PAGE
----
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NY District Environmental Residency teams with EPA to clean up contamination in New Jersey

Published Nov. 28, 2016
Heavy equipment near the banks of the Raritan River in Sayreville, NJ, removes contaminated soil from marsh land 30 miles southwest of Manhattan. The six-acre Superfund site, being remediated by the U.S. Army Corps of Engineers, New York District, is expected to be free of contaminants in 2017. (Photo: James D’Ambrosio, Public Affairs Specialist, U.S. Army Corps of Engineers, NY District.)

Heavy equipment near the banks of the Raritan River in Sayreville, NJ, removes contaminated soil from marsh land 30 miles southwest of Manhattan. The six-acre Superfund site, being remediated by the U.S. Army Corps of Engineers, New York District, is expected to be free of contaminants in 2017. (Photo: James D’Ambrosio, Public Affairs Specialist, U.S. Army Corps of Engineers, NY District.)

An on-site water treatment plant at the Horseshoe Road Superfund site in Sayreville, NJ, where the U.S. Army Corps of Engineers, New York District, is removing contaminants from ground water and soil, a complex process that can take years. (Photo: James D’Ambrosio, Public Affairs Specialist, U.S. Army Corps of Engineers, NY District.)

An on-site water treatment plant at the Horseshoe Road Superfund site in Sayreville, NJ, where the U.S. Army Corps of Engineers, New York District, is removing contaminants from ground water and soil, a complex process that can take years. (Photo: James D’Ambrosio, Public Affairs Specialist, U.S. Army Corps of Engineers, NY District.)

Gene Urbanik, New Jersey Area Engineer for the U.S. Army Corps of Engineers, New York District, checks air-monitoring equipment at the Horseshoe Road Superfund site in Sayreville, NJ, as colleagues look on. The District’s New Jersey Area Environmental Residency manages remediation of Superfund sites on behalf of the U.S. Environmental Protection Agency. (Photo: James D’Ambrosio, Public Affairs Specialist, U.S. Army Corps of Engineers, NY District.)

Gene Urbanik, New Jersey Area Engineer for the U.S. Army Corps of Engineers, New York District, checks air-monitoring equipment at the Horseshoe Road Superfund site in Sayreville, NJ, as colleagues look on. The District’s New Jersey Area Environmental Residency manages remediation of Superfund sites on behalf of the U.S. Environmental Protection Agency. (Photo: James D’Ambrosio, Public Affairs Specialist, U.S. Army Corps of Engineers, NY District.)

Contaminated soil removed from the six-acre Superfund site in Sayreville, NJ, dries out in a contained area to reduce its weight before being transported off site by rail to a certified landfill for safe disposal. Removing contaminants from soil and ground water is a complex process that can take years. (Photo: James D’Ambrosio, Public Affairs Specialist, U.S. Army Corps of Engineers, NY District.)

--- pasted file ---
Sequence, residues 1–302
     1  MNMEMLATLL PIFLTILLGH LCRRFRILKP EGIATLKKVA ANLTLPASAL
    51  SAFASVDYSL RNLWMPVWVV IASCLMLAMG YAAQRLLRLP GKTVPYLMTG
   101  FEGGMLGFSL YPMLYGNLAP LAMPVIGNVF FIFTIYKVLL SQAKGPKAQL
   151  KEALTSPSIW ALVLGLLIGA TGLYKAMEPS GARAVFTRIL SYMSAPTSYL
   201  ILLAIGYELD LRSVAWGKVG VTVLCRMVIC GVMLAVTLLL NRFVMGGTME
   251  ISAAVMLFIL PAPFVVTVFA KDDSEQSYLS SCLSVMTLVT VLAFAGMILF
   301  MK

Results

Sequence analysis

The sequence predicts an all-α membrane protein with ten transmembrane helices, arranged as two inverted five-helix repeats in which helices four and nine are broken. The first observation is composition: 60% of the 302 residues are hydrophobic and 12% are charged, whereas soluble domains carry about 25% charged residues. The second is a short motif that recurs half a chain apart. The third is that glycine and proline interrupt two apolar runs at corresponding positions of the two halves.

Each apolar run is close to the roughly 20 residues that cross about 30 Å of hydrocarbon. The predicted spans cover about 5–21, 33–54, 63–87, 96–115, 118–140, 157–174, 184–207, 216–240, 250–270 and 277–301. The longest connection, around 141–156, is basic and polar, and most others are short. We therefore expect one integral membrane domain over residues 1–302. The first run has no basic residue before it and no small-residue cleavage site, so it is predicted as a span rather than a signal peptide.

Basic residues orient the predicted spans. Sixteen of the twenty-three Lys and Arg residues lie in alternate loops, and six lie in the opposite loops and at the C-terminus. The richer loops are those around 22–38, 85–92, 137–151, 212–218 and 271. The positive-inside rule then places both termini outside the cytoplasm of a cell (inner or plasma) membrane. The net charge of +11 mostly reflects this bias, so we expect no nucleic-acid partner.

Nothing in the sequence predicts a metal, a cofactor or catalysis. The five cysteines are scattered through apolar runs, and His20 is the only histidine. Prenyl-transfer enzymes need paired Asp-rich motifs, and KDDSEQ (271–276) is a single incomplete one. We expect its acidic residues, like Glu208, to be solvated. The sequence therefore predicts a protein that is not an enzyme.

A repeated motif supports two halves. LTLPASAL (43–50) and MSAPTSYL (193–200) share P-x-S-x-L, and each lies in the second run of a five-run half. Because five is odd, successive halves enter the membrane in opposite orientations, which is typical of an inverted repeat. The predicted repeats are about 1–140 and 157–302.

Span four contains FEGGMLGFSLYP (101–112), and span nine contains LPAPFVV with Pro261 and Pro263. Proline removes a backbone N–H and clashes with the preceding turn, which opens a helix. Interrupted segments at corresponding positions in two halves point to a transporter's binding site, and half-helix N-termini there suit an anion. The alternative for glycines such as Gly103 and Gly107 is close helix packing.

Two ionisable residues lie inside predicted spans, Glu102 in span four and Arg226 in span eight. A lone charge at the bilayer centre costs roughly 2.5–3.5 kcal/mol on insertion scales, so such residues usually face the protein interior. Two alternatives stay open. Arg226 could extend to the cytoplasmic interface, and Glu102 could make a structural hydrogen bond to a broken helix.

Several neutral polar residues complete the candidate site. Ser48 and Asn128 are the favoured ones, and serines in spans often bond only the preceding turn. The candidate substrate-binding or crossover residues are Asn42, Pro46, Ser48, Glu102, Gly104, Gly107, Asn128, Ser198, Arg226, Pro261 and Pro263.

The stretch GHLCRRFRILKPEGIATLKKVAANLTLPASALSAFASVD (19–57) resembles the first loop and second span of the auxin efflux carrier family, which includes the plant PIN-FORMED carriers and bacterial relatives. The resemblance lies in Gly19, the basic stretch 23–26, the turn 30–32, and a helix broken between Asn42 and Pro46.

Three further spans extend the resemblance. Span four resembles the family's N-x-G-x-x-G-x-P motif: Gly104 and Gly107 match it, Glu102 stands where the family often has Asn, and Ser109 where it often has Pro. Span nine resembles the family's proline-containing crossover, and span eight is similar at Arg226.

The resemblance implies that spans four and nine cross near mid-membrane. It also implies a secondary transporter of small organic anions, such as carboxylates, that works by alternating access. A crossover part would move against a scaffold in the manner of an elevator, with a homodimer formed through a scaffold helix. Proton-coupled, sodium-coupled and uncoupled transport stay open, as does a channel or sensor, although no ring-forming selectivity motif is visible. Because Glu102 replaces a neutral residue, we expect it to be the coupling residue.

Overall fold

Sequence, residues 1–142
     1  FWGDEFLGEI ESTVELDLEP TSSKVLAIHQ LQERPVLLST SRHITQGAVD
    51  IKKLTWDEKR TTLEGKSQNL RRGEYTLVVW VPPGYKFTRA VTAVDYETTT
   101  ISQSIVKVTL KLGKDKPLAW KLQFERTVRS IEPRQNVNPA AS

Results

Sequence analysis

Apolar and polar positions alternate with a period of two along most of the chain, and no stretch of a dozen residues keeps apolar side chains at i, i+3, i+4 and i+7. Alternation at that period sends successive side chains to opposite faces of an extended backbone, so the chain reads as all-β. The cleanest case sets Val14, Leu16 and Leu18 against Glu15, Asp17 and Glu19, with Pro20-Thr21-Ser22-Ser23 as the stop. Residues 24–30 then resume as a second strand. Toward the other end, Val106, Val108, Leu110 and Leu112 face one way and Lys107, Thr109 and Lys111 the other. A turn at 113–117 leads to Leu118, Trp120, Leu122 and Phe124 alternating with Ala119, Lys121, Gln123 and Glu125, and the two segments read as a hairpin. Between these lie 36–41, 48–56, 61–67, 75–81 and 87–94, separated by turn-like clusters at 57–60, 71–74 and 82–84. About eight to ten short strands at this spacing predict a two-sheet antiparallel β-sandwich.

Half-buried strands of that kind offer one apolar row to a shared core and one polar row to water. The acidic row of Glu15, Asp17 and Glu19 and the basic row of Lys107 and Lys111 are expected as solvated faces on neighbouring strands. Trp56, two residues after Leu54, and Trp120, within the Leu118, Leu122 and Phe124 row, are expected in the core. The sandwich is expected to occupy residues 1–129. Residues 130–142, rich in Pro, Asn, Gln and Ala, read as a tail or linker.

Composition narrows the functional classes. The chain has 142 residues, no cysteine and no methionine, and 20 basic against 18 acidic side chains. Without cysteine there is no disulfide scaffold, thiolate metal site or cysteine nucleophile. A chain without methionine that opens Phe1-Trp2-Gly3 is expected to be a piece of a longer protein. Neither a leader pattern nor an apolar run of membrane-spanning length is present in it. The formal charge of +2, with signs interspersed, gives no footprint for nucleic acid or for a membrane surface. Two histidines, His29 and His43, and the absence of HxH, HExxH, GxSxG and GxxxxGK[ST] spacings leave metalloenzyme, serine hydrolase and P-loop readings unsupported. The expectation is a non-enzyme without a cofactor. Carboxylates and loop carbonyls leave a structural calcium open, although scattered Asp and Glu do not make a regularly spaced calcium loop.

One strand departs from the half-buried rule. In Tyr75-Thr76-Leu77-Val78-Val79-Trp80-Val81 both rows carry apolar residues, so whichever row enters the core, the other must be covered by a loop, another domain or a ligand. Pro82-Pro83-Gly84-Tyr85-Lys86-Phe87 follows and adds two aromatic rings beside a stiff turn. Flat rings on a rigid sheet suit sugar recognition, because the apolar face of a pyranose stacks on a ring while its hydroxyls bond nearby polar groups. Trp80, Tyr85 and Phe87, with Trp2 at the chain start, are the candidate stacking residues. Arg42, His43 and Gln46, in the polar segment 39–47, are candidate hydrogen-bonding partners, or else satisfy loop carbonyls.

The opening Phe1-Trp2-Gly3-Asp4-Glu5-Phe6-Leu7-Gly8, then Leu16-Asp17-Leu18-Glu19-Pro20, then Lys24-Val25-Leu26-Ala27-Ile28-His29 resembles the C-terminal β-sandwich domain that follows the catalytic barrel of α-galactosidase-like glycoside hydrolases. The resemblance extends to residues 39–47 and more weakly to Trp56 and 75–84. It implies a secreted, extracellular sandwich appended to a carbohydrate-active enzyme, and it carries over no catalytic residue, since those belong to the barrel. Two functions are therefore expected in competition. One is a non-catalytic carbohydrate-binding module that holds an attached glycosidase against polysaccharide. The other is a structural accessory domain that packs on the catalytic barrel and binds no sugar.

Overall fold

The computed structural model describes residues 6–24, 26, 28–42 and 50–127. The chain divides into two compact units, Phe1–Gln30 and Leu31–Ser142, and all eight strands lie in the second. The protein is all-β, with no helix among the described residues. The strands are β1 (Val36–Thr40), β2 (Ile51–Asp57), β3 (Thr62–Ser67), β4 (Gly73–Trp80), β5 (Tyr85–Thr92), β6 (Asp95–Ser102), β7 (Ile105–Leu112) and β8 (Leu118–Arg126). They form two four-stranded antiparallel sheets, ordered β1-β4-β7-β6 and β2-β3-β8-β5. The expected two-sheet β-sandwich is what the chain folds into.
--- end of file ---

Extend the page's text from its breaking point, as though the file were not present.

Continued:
Contaminated soil removed from the six-acre Superfund site in Sayreville, NJ, dries out in a contained area to reduce its weight before being transported off site by rail to a certified landfill for safe disposal. Removing contaminants from soil and ground water is a complex process that can take years. (Photo: James D’Ambrosio, Public Affairs Specialist, U.S. Army Corps of Engineers, NY District.)

Fresh soil replaces contaminated soil at the Horseshoe Road Superfund site in Sayreville, New Jersey. After a Superfund site is free of contaminants, it can be used to benefit local communities for parks, recreation, residential housing or commercial business. The U.S. Army Corps of Engineers, New York District, remediates contaminated Superfund sites on behalf of the U.S. Environmental Protection Agency. (Photo: James D’Ambrosio, Public Affairs Specialist, U.S. Army Corps of Engineers, NY District.)

Fresh soil replaces contaminated soil at the Horseshoe Road Superfund site in Sayreville, New Jersey. After a Superfund site is free of contaminants, it can be used to benefit local communities for parks, recreation, residential housing or commercial business. The U.S. Army Corps of Engineers, New York District, remediates contaminated Superfund sites on behalf of the U.S. Environmental Protection Agency. (Photo: James D’Ambrosio, Public Affairs Specialist, U.S. Army Corps of Engineers, NY District.)

Swans swim in water free of contamination along the shore of the Raritan River in Sayreville, NJ, 30 miles southwest of New York City. Across the river in the background is the outskirts of the community of Keasbey, New Jersey. (Photo: James D’Ambrosio, Public Affairs Specialist, U.S. Army Corps of Engineers, NY District.)

Swans swim in water free of contamination along the shore of the Raritan River in Sayreville, NJ, 30 miles southwest of New York City. Across the river in the background is the outskirts of the community of Keasbey, New Jersey. (Photo: James D’Ambrosio, Public Affairs Specialist, U.S. Army Corps of Engineers, NY District.)

The New York District, headquartered in Lower Manhattan, is abuzz with activity, carrying out multiple missions at any one time (some highly visible), with nearly 350 people in Lower Manhattan office. But there’s another dimension of the District’s work that’s less visible: Contributions from staff in field offices spread across 26,500 square miles of NY, NJ, CT, MA and VT. One is the New Jersey Area Environmental Residency 30 miles south of New York City in East Brunswick, NJ, charged with remediating Superfund sites on behalf of the U.S. Environmental Protection Agency (EPA).

EPA & Superfund

Superfund is a federal program managed by the EPA designed to fund cleanup of sites contaminated with hazardous substances and pollutants, including some of the nation’s most contaminated land, and responding to environmental emergencies, oil spills and natural disasters. EPA may identify parties responsible for hazardous substances released to the environment (polluters) and either compel them to clean up the sites, or possibly undertake the cleanup on its own using the Superfund (a trust fund) with costs recovered from polluters by referring to the U.S. Department of Justice. Its goals are three-fold: 1) Protecting human health and the environment; 2) community involvement in the process; and 3) making responsible parties pay for the work. There are at least 25 active Superfund sites managed by the Environmental Residency within the District’s jurisdiction. Superfund sites often include surface and sub-surface remedies where soil is removed, treated and taken to EPA approved landfills, and purification of contaminated groundwater through on-site water treatment plants.

Kansas City & Baltimore District Contribute

EPA Region II is based in New York City and serves New Jersey, New York, Puerto Rico and the U.S. Virgin Islands. In managing Superfund, when required, the EPA supplements its resources by requesting the assistance of the U.S. Army Corps of Engineers (USACE). On many of their sites a Corps Inter-District Team is utilized to synergistically provide a project delivery team to execute the work on behalf of the EPA. The Corps’ Kansas City District provides remedial design/technical assistance; Baltimore District provides real estate support services; and the New York District, as the Corps lead during the remedial action phase, provides construction oversight, project management, quality assurance and safety support services.